The staff at Peace Arch hospital have been fantastic. I haven't yet come across a nurse that isn't helpful and friendly and seemingly very competent at their job. The only exception to this is the hospice society in charge of putting TVs and phones in patients' rooms. I am still without any service on Day three of my stay. The upside however is lots of time to reflect and get some long overdue reading done.

However the nights can seem pretty long. I never realized how much I moved in my sleep until now when I have been pretty much limited to being on my back with my legs out in a straight line. Sleeping, or more acurately trying to sleep at night can be much more difficult and uncomfortable than I could have imagined. However it is a good thing that I am able to complain of positioning discomfort and not brutal hip pain at this stage of the game, so I will count my blessings.

Wednesday, January 13, 2010

Birmingham Hip Resurfacing Surgery- Vijay Bose_Part 1

Sent from my iPhone

Chop chop Birmingham awaits

We got an early start on the day yesterday and I was on the surgical
table by 8 am. Because the doctor decidedng to go with an epidural and
sedative combination, I wasn't completely out during the proceedure. I
have a strong memory of waking up to loud banging as the prosthesis
was being hammered in. The Dr later told us that I had the hardest
femur he ever had to drive the cap and spike into, which helps to
explain why the banging was loud enough to wake me out of my stupor.
Although this may sound horrible, between the effects of sedation and
spinal freezing I was quite indifferent about what was being done to
me at that point. And as a bonus, coming out of surgery I was without
nausea, dizziness or that strong feeling of disorientation that seems
to come with a general anaesthetic.

In fact I felt great at first. Howver before long I started to get
really tired and heavy. Beause of blood loss during the surgery and
the wound continuing to bleed afterwards, my blood pressure (66/35)
and hemoglobin (73) were really low which created a surreal experience
a bit like being in one of those dreams where you just can't seem to
move or do anything other than in slow motion. It also felt a bit like
being drunk in that I don't think I processed my memories in a normal
way. It is all a bit of a blur today.

However the one thing I can clearly remember is how supportive Les was
through the whole process and how much it meant to have her with me
the whole time. Having those you love arond you in a time like this
makes such a difference and I am really grateful to her and all of
those who offerred their support.

I am already feeling much better today. I was given permission to full
weight bear, meaning the surgeon is happy with how the surgery went.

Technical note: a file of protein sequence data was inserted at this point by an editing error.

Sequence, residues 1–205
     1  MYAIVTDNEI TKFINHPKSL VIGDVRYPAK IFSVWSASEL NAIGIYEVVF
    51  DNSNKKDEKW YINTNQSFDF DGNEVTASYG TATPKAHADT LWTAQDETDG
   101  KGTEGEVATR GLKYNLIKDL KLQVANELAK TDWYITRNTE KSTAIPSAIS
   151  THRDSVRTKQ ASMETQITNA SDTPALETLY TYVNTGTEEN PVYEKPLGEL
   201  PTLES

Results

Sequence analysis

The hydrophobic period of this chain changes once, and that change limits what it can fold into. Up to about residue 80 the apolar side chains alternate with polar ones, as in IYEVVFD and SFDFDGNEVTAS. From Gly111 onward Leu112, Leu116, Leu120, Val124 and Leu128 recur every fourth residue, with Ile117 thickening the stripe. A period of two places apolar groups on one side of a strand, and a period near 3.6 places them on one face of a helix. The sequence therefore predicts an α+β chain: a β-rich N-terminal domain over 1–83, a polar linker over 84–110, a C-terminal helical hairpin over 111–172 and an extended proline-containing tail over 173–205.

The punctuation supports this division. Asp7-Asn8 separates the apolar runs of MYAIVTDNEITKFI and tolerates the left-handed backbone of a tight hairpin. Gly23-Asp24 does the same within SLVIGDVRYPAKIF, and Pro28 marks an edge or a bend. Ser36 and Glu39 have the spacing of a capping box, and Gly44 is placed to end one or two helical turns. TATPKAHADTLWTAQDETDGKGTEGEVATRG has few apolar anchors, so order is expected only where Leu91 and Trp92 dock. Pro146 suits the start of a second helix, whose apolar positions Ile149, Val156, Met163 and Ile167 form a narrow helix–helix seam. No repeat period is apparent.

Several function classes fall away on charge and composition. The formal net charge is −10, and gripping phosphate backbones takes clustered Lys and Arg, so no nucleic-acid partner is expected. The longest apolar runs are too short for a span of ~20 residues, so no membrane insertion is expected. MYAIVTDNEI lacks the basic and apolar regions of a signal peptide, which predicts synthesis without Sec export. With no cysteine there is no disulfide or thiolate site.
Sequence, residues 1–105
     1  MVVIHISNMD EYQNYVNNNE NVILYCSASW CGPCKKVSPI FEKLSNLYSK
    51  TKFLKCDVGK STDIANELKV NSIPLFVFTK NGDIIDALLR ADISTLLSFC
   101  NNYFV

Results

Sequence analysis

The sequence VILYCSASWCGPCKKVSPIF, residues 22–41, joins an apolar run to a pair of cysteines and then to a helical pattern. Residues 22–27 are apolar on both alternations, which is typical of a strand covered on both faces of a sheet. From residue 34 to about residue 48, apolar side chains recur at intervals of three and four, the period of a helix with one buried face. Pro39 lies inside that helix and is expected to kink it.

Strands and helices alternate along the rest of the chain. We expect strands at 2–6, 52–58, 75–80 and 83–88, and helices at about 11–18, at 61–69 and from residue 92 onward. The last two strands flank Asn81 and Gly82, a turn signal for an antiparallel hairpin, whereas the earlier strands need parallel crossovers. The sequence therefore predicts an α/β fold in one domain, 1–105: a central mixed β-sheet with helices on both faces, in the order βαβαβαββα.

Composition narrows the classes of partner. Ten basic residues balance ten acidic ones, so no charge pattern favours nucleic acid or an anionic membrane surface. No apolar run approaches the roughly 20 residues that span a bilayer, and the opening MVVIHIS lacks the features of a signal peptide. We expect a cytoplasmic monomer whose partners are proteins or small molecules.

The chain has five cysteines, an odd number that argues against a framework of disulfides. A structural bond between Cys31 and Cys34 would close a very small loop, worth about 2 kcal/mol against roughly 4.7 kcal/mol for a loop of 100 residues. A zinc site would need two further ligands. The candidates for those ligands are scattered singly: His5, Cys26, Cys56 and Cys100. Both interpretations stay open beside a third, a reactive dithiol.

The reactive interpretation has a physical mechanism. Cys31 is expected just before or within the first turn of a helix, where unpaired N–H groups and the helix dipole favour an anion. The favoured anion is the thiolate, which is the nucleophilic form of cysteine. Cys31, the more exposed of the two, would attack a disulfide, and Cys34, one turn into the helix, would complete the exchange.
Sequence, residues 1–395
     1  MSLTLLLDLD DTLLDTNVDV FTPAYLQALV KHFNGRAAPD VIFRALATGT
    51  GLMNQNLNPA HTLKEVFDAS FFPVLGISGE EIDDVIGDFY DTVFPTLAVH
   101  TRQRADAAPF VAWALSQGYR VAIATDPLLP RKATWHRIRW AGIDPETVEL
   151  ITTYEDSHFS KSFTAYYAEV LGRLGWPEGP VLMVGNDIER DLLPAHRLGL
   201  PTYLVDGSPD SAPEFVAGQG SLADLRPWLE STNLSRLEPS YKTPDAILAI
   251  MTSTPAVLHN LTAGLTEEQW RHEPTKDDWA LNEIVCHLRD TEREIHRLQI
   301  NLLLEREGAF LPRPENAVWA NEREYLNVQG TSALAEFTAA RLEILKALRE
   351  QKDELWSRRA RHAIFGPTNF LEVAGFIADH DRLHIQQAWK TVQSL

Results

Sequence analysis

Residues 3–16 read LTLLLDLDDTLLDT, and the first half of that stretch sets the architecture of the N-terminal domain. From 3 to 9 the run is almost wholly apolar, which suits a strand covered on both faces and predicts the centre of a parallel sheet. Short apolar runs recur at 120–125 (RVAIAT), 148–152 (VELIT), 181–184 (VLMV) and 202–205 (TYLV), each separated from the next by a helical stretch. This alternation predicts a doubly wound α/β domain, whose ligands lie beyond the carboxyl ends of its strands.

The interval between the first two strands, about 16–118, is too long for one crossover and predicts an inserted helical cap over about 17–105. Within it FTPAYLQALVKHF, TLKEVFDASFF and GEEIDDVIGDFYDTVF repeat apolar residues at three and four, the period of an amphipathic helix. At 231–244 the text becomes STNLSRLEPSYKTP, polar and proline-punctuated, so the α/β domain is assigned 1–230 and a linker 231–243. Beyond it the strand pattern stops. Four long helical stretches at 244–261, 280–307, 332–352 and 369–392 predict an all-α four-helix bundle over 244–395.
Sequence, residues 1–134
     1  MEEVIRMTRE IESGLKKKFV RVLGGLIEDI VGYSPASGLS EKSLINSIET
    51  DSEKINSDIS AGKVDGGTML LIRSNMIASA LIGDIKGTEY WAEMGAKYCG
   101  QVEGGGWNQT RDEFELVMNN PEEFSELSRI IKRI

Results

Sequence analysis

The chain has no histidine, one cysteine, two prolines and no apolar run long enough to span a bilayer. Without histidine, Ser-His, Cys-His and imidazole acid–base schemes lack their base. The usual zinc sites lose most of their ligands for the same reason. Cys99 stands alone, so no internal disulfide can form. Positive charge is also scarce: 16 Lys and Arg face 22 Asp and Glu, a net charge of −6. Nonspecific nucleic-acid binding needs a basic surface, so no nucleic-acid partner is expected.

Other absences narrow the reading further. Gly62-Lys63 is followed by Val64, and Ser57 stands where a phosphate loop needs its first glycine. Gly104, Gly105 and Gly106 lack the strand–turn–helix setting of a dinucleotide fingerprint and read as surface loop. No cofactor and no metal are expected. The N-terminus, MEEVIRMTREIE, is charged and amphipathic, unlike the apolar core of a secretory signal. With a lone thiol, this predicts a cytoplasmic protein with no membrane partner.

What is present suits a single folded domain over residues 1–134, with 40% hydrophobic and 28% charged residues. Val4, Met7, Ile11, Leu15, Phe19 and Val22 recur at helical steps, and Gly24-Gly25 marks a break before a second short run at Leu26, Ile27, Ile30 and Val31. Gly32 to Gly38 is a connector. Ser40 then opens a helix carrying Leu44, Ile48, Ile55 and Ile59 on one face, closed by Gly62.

There is still lots of swelling and tightness however, making it quite
difficult for me to assess what my new hip actually feels like. I
managed to walk with a walker to the end of the hall and go to the
toilet on my own......all of a sudden big achievements in my world.
As I am feeling better I am hopeful and a little bit nervous that
everything is on track for a full recovery

Tuesday, January 12, 2010

The patient...


Update: checked my jeans pocket for change to get mediocre hospital
coffee...found not money, but a piece of Lego, strange small gray
thing that I suspect broke off a toy firetruck, and a teeny, tiny
bootie meant for a Polly Pocket puppy. I strongly suspect that coffee
machine will not accept orphaned toy detritus in payment...probably
for the best as my stomach is already churning.

Sent from my iPhone

I just left Eric in the surgical area and I suppose it shouldn't
surprise me, but I found it hard. Now I am sitting on a bank of
waiting room chairs, bolstered by coffee and a snack. It seems so
stereotypical: the emotional wife sniffing into her starbucks cup. I
have led a life that has been blessedly limited in its hospital
visits. In fact, Eric and I were laughing because the only time spent
in these types of situations have been initiated by labour.
Pretty different circumstances and a far more adorable outcome.
Somehow, birthing a baby seems like a far more natural life occurance
than a new hip at 35. Is it just me?

The truth is that I find it incredibly tough to see the strongest man
I know lying in a bed, hooked up to an IV. He's a tough customer, our
Eric. He is determined, tenacious and steely-minded. But in a hospital
gown with half a lorazepam in his sytem, he is as vulnerable as kid.
In fact, he just told me that if I wanted to head home, he'd be
fine...yeah, that's why I got up at 5:30 to drive to White Rock. Maybe
I'll come back to pick him up in a few kind of reminds me of
the time I got drunk and told him to leave me in Stanley Park. I told